Klinefelter’s syndrome is found in approximately 1 in every 1000 males. The most common characteristic is very tall stature when the boy reaches maturity. These boys are born with an extra sex chromosome, thus the 47XXY label. A boy is underdeveloped sexually and has small testes.

Fragile-X syndrome (also called X-linked) is one of the most common causes of mental retardation in males. Major physical characteristics include large ears, large hands and language-development delays.

Congenital Infections

Rubella was one of the first maternal infections researchers identified as the cause of fetal malformations. Other infections that can cause malformations include cytomegalovirus (CMV), toxoplasmosis, herpes simplex, parvovirus 19 and syphilis.

Congenital infections can cause problems in a baby. These range from major birth defects, such as heart defects, to newborn infection at birth.

Velocardiofacial Syndrome (VCFS)

Velocardiofacial syndrome (VCFS) is a genetic condition that may be hereditary. It is known by many names, including Shprintzen syndrome, craniofacial syndrome and conotruncal anomaly face syndrome. VCFS is one of the most common syndromes in humans, second only to Down syndrome in frequency.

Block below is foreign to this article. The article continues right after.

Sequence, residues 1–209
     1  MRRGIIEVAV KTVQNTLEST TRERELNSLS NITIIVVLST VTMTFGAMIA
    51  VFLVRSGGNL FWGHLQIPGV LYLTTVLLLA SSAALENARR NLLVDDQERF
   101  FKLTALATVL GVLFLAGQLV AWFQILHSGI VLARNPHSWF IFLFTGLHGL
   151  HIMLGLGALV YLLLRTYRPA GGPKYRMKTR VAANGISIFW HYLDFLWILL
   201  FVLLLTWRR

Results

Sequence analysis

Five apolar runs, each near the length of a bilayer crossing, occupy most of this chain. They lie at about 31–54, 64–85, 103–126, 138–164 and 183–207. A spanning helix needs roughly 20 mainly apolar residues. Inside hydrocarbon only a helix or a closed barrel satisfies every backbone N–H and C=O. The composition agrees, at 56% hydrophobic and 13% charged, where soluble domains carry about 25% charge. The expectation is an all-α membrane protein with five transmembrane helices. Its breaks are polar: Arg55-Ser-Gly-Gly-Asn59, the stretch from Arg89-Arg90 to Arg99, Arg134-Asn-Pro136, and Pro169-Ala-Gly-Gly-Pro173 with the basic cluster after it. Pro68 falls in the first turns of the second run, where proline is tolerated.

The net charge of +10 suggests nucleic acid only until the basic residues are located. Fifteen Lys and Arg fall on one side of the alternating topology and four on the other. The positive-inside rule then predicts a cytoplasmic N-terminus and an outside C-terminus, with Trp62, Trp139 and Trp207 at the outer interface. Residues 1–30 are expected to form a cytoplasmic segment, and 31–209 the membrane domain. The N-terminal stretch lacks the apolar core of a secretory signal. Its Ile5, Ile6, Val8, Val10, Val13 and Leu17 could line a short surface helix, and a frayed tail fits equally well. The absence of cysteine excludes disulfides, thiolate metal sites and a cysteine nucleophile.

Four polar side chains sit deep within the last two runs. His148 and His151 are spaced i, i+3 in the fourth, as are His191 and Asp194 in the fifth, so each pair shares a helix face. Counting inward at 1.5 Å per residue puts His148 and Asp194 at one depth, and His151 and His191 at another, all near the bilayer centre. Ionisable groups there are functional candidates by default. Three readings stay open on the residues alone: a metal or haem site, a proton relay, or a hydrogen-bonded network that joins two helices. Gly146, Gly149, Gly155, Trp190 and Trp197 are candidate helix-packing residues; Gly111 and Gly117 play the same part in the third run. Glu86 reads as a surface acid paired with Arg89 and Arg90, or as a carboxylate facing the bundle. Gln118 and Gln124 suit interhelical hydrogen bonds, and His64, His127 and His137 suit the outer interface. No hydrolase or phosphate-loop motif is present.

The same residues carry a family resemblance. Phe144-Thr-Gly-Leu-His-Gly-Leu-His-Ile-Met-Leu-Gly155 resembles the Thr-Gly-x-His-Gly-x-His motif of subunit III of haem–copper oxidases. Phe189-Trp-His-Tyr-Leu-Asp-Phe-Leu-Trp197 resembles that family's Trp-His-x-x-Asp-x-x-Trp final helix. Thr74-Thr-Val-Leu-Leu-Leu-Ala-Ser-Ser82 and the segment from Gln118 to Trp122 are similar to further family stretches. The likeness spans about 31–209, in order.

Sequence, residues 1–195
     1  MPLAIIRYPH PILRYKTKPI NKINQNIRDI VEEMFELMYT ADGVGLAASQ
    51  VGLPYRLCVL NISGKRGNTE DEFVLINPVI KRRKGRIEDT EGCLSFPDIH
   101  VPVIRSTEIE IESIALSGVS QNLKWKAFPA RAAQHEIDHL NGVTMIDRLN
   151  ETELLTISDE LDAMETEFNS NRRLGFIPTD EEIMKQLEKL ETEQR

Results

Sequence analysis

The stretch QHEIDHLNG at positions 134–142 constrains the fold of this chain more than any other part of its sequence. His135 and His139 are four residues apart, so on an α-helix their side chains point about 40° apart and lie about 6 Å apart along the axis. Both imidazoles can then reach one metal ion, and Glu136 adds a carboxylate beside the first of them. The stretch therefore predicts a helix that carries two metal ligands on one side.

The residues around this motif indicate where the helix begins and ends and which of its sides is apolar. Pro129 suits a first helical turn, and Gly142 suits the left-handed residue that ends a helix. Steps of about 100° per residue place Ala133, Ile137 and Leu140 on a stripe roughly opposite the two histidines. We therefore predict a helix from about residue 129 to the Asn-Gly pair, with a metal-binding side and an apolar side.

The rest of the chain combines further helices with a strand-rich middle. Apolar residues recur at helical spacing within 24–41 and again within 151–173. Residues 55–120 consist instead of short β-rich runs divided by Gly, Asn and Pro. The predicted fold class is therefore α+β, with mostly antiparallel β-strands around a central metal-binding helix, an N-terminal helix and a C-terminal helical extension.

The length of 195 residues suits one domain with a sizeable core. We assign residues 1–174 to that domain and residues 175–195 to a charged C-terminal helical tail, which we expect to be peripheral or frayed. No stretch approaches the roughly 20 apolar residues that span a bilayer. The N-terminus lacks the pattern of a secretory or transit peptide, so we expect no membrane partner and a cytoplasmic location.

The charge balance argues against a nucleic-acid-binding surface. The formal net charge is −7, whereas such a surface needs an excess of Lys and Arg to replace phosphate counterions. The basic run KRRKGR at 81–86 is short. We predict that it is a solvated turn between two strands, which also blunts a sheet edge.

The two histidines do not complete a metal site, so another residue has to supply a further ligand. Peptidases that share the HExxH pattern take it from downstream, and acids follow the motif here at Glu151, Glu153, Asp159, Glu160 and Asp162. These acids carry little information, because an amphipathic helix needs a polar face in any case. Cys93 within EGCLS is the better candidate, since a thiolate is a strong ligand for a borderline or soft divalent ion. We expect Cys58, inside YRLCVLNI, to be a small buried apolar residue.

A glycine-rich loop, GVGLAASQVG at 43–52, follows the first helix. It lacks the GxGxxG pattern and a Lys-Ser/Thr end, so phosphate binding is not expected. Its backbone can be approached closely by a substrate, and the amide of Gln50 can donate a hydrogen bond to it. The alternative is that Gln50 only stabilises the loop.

Health Risks of Older Pregnant Women by Age

Risk 30-34 35-39 40+
Uterine bleeding  8%  9%  9%
Diabetes 35% 48% 65%
Heart disease  7%  8%  9%
Hypertension 34% 38% 47%

VCFS is characterized by various medical problems. The immune system, endocrine system and neurological system may be involved. Symptoms do not all occur 100% of the time. Most people with VCFS exhibit a small number of problems; many problems are relatively minor.

The exact cause of velocardiofacial syndrome is unknown; however, investigators have identified a chromosomal defect in people with VCFS. Most children who have been diagnosed with this syndrome are missing a small part of chromosome 22.

It is estimated that VCFS is inherited in only 10 to 15% of cases. Most of the time neither parent has the syndrome nor carries the defective gene. The occurrence of congenital heart disease is most often the leading factor in diagnosis.